Modeling reactive geochemical transport of concentrated aqueous solutions in variably saturated media

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Concentrated aqueous solutions (CAS) have unique thermodynamic and physical properties. Chemical components in CAS are incompletely dissociated, especially those containing divalent or polyvalent ions. The problem is further complicated by the interaction between CAS flow processes and the naturally heterogeneous sediments. As the CAS migrates through the porous media, the composition may be altered subject to fluid-rock interactions. To effectively model reactive transport of CAS, we must take into account ion-interaction. A combination of the Pitzer ion-interaction and the ion-association model would be an appropriate way to deal with multiple-component systems if the Pitzer' parameters and thermodynamic data of dissolved ... continued below

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Zhang, Guoxiang; Zheng, Zuoping & Wan, Jiamin January 28, 2004.

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Concentrated aqueous solutions (CAS) have unique thermodynamic and physical properties. Chemical components in CAS are incompletely dissociated, especially those containing divalent or polyvalent ions. The problem is further complicated by the interaction between CAS flow processes and the naturally heterogeneous sediments. As the CAS migrates through the porous media, the composition may be altered subject to fluid-rock interactions. To effectively model reactive transport of CAS, we must take into account ion-interaction. A combination of the Pitzer ion-interaction and the ion-association model would be an appropriate way to deal with multiple-component systems if the Pitzer' parameters and thermodynamic data of dissolved components and the related minerals are available. To quantify the complicated coupling of CAS flow and transport, as well as the involved chemical reactions in natural and engineered systems, we have substantially extended an existing reactive biogeochemical transport code, BIO-CORE{sup 2D}{copyright}, by incorporating a comprehensive Pitzer ion-interaction model. In the present paper, the model, and two test cases against measured data were briefly introduced. Finally we present an application to simulate a laboratory column experiment studying the leakage of the high alkaline waste fluid stored in Hanford (a site of the U.S. Department of Energy, located in Washington State, USA). With the Pitzer ion-interaction ionic activity model, our simulation captures measured pH evolution. The simulation indicates that all the reactions controlling the pH evolution, including cation exchanges, mineral precipitation and dissolution, are coupled.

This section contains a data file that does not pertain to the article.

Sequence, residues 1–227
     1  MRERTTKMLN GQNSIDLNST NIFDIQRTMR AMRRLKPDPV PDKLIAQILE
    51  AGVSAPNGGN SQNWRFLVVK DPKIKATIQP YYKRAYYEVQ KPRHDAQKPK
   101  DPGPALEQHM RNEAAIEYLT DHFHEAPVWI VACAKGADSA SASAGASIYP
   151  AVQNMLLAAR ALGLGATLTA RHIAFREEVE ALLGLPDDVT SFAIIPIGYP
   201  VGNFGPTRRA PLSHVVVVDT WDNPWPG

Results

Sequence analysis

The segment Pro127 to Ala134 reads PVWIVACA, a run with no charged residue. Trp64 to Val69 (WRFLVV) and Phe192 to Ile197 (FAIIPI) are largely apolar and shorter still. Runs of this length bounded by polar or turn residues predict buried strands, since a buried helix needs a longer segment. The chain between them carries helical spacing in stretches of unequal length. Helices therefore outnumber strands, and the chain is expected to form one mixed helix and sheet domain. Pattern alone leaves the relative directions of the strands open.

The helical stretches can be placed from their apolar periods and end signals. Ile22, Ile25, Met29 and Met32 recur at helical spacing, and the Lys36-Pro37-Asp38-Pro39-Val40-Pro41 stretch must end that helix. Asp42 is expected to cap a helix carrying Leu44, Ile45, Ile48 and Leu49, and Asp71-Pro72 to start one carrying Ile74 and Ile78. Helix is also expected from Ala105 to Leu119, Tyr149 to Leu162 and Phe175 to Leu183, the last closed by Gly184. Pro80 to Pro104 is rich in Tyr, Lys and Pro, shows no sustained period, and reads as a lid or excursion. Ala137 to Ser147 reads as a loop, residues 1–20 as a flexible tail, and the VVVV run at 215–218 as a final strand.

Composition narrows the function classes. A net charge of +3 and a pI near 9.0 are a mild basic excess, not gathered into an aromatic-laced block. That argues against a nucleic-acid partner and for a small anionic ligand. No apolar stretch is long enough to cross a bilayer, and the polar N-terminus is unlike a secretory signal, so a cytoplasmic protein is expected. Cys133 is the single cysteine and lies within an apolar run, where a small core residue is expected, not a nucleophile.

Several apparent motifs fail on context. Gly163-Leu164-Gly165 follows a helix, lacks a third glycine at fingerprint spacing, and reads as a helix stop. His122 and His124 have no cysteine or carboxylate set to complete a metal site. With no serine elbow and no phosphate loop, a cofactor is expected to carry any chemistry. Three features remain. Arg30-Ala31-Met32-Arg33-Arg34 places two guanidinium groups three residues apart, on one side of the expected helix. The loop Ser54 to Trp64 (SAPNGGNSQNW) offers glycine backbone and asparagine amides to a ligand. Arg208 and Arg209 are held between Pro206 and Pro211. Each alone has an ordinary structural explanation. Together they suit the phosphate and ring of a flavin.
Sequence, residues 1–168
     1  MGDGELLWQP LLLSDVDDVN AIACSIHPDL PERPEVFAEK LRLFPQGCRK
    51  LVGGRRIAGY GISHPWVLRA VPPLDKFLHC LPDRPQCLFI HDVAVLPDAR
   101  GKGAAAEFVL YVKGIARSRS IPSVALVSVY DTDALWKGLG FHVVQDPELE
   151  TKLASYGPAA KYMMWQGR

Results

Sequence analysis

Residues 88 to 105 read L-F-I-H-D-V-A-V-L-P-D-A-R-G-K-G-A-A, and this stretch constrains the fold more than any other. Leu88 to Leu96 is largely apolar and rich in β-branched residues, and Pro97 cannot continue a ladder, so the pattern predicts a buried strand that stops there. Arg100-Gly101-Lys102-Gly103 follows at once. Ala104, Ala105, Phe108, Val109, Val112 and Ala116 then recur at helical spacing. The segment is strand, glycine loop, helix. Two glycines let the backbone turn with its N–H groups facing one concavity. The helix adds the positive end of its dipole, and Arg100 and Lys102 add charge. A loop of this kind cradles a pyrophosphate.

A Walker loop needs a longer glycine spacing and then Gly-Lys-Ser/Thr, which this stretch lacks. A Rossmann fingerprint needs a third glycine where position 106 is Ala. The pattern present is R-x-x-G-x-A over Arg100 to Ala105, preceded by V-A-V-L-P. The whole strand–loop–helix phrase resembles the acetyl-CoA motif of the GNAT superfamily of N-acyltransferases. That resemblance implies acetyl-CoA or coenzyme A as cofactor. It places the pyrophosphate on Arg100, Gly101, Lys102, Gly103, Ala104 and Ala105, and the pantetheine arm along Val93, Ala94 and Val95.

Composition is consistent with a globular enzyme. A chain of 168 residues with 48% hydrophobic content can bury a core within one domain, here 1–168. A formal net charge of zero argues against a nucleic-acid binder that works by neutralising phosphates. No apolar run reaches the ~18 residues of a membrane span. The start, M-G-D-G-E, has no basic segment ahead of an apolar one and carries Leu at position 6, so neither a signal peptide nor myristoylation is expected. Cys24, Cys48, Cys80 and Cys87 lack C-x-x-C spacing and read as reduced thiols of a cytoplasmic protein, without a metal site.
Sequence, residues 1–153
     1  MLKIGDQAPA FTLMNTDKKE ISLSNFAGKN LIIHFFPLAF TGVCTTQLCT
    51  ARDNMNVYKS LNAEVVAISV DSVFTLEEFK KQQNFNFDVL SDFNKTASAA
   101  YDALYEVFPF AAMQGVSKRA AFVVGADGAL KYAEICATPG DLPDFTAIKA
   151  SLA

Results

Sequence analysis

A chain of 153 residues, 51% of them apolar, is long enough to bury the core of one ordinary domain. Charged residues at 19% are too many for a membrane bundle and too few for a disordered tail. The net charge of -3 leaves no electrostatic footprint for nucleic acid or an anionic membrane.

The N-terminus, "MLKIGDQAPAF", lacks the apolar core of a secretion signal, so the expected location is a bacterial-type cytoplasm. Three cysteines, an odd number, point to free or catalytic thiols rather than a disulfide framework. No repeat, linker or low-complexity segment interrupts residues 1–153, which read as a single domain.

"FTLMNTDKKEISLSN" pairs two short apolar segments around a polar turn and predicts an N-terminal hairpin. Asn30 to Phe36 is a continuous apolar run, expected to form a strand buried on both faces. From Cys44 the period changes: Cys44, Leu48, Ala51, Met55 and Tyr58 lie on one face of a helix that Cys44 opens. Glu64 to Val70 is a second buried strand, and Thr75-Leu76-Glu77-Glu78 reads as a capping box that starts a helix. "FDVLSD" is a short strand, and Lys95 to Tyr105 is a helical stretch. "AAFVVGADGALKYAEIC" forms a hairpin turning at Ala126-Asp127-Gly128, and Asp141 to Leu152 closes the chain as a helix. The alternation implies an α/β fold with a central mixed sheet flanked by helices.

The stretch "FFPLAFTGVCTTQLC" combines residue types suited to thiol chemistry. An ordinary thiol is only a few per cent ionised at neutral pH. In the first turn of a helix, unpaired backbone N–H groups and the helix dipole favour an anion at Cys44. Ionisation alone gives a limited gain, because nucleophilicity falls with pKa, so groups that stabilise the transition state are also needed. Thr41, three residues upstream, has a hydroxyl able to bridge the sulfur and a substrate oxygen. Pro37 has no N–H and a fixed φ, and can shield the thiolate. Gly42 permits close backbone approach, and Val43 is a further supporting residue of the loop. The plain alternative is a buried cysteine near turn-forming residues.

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  • Other Information: Journal Publication Date: 2005

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  • Report No.: LBNL--54384
  • Grant Number: AC03-76SF00098
  • Office of Scientific & Technical Information Report Number: 842748
  • Archival Resource Key: ark:/67531/metadc786155

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Office of Scientific & Technical Information Technical Reports

Reports, articles and other documents harvested from the Office of Scientific and Technical Information.

Office of Scientific and Technical Information (OSTI) is the Department of Energy (DOE) office that collects, preserves, and disseminates DOE-sponsored research and development (R&D) results that are the outcomes of R&D projects or other funded activities at DOE labs and facilities nationwide and grantees at universities and other institutions.

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  • January 28, 2004

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  • Dec. 3, 2015, 9:30 a.m.

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  • April 4, 2016, 1:39 p.m.

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Zhang, Guoxiang; Zheng, Zuoping & Wan, Jiamin. Modeling reactive geochemical transport of concentrated aqueous solutions in variably saturated media, article, January 28, 2004; Berkeley, California. (digital.library.unt.edu/ark:/67531/metadc786155/: accessed April 25, 2018), University of North Texas Libraries, Digital Library, digital.library.unt.edu; crediting UNT Libraries Government Documents Department.